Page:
I helped dozens of people register to vote yesterday. It was an amazing (exasperating/ tiring/ satisfying/ frustrating/ inspiring) experience.
- Carrying a bowl of candy at Hempfest will make you a very popular person.
- This was by far the most sedate crowd I have ever encountered.Everyone was calm. And almost every person I spoke with was smiling.
- The diversity of cannabis activists and enthusiasts is astounding. This is a truly a universal issue.
- Most young people I spoke with (17-25) had little knowledge of the political process. Many were genuinely interested in learning more, though, and some of the most in-depth conversations I had were with young adults wanting more information about the voting process in Washington State.
- I just learned that in Washington state, individuals with felony convictions who are no longer under supervision by the Department of Corrections have the right to vote in State elections. _(Learn more here: http://aclu-wa.org/voting-rights-restoration-washington-state)_ One woman almost started crying when I told her about this law. She was convinced she’d never be able to vote again after receiving a felony conviction for marijuana possession in her 20s. She must have said thank you at least 10 times as she filled out her registration form.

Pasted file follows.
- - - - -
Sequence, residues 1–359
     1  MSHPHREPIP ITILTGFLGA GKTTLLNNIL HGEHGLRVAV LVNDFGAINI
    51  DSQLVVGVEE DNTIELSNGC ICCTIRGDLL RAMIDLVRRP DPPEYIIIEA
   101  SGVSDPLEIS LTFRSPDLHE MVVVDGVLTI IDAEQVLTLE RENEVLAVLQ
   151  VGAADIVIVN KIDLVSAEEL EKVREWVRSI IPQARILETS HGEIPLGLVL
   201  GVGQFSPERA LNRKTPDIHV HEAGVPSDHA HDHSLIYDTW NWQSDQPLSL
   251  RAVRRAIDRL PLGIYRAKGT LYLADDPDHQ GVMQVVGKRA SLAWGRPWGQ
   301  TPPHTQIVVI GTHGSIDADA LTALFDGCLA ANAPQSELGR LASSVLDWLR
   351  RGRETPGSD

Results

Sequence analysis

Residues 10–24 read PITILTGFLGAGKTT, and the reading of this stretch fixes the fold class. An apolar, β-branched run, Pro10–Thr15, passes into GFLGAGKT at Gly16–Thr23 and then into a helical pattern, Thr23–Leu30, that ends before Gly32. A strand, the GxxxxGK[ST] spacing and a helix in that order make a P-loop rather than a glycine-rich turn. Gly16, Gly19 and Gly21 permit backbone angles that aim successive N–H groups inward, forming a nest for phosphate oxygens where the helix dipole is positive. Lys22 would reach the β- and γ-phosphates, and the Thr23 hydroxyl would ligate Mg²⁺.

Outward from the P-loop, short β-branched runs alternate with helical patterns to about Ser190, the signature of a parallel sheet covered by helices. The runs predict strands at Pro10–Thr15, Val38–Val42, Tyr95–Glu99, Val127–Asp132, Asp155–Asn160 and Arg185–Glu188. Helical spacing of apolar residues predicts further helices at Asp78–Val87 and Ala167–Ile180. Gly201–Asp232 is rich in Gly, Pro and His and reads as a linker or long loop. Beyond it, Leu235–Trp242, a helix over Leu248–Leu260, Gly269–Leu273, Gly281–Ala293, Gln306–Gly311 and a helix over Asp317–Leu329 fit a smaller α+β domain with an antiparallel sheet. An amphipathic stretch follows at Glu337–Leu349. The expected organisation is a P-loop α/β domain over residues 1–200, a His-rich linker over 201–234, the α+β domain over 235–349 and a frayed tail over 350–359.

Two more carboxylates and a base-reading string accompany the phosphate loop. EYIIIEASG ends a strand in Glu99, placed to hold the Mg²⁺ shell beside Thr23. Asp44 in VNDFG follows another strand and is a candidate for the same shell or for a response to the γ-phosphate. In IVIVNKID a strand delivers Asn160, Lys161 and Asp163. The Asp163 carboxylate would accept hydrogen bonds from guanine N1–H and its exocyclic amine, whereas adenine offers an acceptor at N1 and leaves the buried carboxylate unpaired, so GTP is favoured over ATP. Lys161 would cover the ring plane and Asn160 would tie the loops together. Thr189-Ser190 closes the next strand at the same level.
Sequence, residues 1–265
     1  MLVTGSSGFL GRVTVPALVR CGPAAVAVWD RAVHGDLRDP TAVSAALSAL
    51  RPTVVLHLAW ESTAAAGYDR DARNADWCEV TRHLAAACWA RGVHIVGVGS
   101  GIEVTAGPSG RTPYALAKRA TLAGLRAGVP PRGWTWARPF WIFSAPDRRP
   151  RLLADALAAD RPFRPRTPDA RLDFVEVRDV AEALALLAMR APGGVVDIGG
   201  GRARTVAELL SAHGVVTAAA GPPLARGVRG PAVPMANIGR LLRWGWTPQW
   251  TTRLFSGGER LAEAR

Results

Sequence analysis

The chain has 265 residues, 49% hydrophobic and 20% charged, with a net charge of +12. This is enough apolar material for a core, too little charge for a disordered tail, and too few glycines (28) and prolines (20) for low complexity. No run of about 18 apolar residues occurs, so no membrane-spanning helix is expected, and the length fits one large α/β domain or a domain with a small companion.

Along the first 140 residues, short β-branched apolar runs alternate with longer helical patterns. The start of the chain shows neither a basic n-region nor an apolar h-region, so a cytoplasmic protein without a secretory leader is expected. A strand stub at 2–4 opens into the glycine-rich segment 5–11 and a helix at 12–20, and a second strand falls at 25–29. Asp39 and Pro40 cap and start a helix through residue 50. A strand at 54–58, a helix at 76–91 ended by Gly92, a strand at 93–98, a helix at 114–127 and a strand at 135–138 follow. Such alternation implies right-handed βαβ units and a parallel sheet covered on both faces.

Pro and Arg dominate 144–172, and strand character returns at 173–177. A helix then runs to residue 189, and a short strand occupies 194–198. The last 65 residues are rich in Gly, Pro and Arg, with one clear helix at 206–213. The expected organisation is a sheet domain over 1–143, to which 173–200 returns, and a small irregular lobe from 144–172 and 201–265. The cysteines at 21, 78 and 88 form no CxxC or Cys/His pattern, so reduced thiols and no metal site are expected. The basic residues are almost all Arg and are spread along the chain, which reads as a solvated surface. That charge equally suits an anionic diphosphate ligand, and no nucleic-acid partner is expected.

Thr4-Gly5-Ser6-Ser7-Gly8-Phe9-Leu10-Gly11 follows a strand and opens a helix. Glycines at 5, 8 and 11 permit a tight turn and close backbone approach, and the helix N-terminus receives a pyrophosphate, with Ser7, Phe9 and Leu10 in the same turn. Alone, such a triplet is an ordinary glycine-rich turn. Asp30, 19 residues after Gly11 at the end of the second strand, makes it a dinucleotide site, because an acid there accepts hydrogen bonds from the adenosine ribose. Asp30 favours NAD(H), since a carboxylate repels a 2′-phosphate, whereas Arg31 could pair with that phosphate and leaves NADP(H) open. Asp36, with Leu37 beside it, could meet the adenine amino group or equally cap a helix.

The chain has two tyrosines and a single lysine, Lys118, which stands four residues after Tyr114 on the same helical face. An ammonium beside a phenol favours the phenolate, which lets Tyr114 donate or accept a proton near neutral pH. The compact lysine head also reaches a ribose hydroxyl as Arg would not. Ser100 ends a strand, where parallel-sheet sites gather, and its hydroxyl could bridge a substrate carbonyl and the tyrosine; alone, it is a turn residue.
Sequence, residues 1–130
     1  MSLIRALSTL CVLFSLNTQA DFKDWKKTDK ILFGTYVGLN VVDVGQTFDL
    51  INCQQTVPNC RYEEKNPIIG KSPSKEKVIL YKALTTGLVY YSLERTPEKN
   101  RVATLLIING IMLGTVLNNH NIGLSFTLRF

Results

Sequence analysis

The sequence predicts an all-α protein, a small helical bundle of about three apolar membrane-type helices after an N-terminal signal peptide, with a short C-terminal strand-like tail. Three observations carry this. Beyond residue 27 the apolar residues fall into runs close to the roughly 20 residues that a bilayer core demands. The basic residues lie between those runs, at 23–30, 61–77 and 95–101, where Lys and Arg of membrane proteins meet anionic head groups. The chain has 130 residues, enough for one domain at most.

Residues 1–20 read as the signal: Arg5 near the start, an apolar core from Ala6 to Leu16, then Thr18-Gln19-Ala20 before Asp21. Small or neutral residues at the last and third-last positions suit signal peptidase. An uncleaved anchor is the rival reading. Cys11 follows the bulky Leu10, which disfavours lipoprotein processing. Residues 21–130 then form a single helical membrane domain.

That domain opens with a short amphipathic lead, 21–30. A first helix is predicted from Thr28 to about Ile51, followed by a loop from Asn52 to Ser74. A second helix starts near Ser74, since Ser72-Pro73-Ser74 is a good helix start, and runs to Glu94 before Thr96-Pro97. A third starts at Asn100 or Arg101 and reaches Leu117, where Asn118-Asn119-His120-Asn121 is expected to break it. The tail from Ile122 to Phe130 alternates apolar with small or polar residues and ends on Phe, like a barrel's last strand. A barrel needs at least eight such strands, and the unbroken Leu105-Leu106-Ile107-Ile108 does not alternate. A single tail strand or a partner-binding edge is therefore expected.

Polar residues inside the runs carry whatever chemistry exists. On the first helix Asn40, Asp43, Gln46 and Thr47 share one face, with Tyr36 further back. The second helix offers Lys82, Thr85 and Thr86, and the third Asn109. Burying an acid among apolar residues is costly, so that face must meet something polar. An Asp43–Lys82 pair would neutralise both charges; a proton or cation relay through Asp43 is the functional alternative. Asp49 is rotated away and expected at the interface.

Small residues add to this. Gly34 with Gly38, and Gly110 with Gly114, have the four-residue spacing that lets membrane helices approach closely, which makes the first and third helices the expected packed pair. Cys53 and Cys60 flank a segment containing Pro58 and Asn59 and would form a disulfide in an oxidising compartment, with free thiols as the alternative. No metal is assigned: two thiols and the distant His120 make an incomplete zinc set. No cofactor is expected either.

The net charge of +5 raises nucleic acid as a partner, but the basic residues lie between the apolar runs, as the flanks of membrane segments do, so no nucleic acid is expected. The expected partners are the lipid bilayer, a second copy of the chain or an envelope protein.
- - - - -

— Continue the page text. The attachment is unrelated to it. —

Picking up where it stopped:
Talking about voting seems to strip away all the pretense and all the barriers people put in place when venturing out in public- when you sit down and really engage with people, and they recognize you don’t have an agenda- you’re not angling for them to vote for anything in particular, you just want them to vote, well then, all the walls come down and they really open up. Race/ethnicity/age/gender – none of that made a difference. I connected with people regardless of demographic.